Lincoln – Review

He had just won a re-election.  The people loved him.  Why mess up a good thing by making an issue out of something as controversial and unnecessary as abolishing slavery?  At least, that’s what Abe Lincoln’s advisors cautioned him.  The true abolitionists were seen as radicals.  Lincoln’s supporters and the Republican party in general were not necessarily for abolition as a cause in and of itself.  In fact, many of them were not particularly in favor of the abolition of slavery at all (mostly because of the implications that came with it—abolition didn’t just mean the end of slavery, but the beginning of equality, and that was going a bit too far), unless it was the only real means to the end of the war.  Many people who were on the fence or even slightly against the idea of abolition were so thoroughly for the idea of ending the war that they were willing to support the 13th amendment, if and only if, it would put an end to the Civil War by taking away the South’s incentive to continue fighting.

This is the dilemma in which Abraham Lincoln found himself.  His advisors, friends, even his wife, all were cautioning him not to pick a fight about the abolition of slavery.  They advised him to just win the war with out trying to pass the 13th amendment because the 13th amendment would make enemies.  Don’t rock the boat; keep everyone happy; stay the popular hero—that was the general consensus among his trusted advisors.

Lincoln however had a conviction that, at the end of the day, he would stand before God and answer to Him for the choices he made.  He chose to live by his convictions, not by popular opinion, and he gave incredible grace to others to do the same, even when their convictions were contrary to his.  Lincoln’s overwhelming conviction was that slavery was wrong and needed to be abolished.   “We’re stepped out upon the world’s stage now, now, with the fate of human dignity in our hands! Blood’s been spilt to afford us this moment!”  “Abolishing slavery by constitutional provision settles the fate, for all coming time, not only of the millions now in bondage but of unborn millions to come.”  To win the war without abolishing slavery was to render the war pointless.  Lincoln felt that the only way to redeem the lives that had been lost, the blood and suffering, was to purchase freedom with those sacrifices.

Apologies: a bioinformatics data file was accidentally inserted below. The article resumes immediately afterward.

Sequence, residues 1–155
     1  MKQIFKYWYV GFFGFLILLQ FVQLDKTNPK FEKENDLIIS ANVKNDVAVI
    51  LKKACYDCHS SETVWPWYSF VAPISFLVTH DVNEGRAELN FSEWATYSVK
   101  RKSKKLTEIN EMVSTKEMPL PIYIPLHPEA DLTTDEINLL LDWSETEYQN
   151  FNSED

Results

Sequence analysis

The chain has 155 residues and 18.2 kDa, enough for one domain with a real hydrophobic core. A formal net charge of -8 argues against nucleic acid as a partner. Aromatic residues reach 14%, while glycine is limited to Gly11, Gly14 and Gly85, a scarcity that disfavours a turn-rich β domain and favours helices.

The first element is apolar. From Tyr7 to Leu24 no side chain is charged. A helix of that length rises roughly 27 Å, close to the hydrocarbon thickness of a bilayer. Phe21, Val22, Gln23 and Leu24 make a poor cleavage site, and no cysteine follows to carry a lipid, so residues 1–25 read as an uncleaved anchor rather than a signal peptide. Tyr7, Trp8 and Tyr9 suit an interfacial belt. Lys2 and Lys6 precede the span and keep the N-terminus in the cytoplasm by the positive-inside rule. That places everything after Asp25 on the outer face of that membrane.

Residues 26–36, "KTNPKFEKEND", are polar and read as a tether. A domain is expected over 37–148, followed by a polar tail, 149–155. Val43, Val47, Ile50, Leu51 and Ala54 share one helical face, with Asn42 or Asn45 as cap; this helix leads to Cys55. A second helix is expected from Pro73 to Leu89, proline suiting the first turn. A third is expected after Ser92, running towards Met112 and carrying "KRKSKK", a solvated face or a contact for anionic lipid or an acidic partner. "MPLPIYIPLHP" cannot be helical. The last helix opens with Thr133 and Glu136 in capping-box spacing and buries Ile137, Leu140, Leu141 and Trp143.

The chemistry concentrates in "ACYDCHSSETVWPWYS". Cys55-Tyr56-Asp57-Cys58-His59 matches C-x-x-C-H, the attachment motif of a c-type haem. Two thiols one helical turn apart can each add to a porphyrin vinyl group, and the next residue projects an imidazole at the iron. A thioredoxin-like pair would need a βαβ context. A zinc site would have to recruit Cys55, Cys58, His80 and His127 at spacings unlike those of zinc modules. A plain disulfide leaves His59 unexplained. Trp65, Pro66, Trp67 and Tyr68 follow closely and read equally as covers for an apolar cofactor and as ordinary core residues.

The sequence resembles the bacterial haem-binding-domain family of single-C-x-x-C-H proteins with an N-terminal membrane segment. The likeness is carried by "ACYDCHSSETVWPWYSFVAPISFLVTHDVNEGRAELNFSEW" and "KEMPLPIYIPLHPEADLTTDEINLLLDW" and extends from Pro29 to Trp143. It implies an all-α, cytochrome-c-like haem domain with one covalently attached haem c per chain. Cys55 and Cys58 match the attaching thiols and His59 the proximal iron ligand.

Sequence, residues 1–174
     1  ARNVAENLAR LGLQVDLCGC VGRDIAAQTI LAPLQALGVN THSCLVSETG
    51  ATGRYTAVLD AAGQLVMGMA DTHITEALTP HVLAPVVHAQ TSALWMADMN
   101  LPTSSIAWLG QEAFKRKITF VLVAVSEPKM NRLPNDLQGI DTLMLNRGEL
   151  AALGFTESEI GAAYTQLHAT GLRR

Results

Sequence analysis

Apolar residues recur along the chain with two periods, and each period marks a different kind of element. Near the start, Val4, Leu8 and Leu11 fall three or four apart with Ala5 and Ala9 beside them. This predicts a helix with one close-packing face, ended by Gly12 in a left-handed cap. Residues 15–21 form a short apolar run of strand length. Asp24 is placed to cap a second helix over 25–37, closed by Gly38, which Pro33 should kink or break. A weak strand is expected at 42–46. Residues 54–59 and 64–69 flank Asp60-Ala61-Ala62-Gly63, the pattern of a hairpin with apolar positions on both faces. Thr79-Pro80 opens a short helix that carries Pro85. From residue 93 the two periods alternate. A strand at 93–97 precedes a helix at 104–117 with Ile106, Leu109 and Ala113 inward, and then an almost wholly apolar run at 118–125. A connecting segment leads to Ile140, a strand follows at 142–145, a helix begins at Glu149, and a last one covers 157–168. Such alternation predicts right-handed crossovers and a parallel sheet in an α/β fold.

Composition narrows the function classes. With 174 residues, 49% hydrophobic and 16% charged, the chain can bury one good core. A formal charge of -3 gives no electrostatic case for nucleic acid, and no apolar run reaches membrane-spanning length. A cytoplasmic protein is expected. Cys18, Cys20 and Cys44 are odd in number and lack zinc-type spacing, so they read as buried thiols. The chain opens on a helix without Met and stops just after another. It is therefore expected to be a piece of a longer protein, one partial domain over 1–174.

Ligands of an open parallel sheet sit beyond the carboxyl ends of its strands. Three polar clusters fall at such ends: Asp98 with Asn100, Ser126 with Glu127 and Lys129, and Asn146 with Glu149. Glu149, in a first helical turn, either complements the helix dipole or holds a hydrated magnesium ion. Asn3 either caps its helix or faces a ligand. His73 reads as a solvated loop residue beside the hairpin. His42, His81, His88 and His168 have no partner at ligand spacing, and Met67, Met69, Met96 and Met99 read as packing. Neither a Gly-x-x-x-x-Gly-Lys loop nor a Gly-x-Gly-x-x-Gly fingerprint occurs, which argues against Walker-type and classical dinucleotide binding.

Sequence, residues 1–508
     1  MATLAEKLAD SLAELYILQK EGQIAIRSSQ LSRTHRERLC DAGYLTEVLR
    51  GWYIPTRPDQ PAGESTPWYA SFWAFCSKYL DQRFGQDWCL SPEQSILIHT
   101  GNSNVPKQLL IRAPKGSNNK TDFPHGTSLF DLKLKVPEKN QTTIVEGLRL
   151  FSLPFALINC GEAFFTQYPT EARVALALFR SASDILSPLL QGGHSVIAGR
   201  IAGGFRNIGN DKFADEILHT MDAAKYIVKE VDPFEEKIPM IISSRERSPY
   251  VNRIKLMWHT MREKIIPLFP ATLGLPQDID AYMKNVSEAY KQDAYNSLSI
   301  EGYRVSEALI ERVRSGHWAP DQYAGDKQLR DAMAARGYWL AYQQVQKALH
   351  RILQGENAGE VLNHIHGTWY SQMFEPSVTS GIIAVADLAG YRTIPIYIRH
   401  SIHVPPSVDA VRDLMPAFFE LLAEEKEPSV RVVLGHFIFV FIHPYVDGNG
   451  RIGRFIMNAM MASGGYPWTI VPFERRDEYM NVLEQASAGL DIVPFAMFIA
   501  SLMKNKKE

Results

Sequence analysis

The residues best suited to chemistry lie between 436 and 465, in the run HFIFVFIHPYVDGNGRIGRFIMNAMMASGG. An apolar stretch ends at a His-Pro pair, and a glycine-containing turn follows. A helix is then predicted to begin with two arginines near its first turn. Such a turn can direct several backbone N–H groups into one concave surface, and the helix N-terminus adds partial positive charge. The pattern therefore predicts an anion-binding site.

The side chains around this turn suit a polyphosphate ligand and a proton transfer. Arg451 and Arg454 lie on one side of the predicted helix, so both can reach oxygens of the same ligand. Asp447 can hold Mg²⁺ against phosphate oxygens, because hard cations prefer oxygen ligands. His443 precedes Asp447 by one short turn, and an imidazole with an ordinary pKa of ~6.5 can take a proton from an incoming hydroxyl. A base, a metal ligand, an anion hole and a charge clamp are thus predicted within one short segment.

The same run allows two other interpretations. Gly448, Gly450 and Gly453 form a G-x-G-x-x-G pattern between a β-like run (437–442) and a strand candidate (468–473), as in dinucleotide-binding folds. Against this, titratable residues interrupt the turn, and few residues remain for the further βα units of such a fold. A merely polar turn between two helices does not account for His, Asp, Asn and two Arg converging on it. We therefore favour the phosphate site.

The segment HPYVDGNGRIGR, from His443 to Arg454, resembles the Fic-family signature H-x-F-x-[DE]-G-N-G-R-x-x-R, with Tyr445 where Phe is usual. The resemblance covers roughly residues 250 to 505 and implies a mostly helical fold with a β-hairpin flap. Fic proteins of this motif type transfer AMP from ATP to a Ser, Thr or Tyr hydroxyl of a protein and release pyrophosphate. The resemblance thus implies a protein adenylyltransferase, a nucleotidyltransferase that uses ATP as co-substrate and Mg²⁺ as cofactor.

It’s an incredible movie, about an incredible man, a man of character and conviction and passion and grace…a true hero.  The kind of person the world needs more of.  The kind of person the world needs to be reminded of, because in our day and time, we have lost a sense of the heroic in our ridiculous obsession with the celebrity and the popular.  Sadly, it’s even gotten to the point that the “anti-hero” is exalted – the person who runs from trouble, who is shameless in their squeamishness, laziness and general lack of character.  We exalt them because they are “real,” we say, and because they make us laugh and feel better about ourselves, when what we really need is not to be comfortable with our deficiencies, but to be sharpened to become better.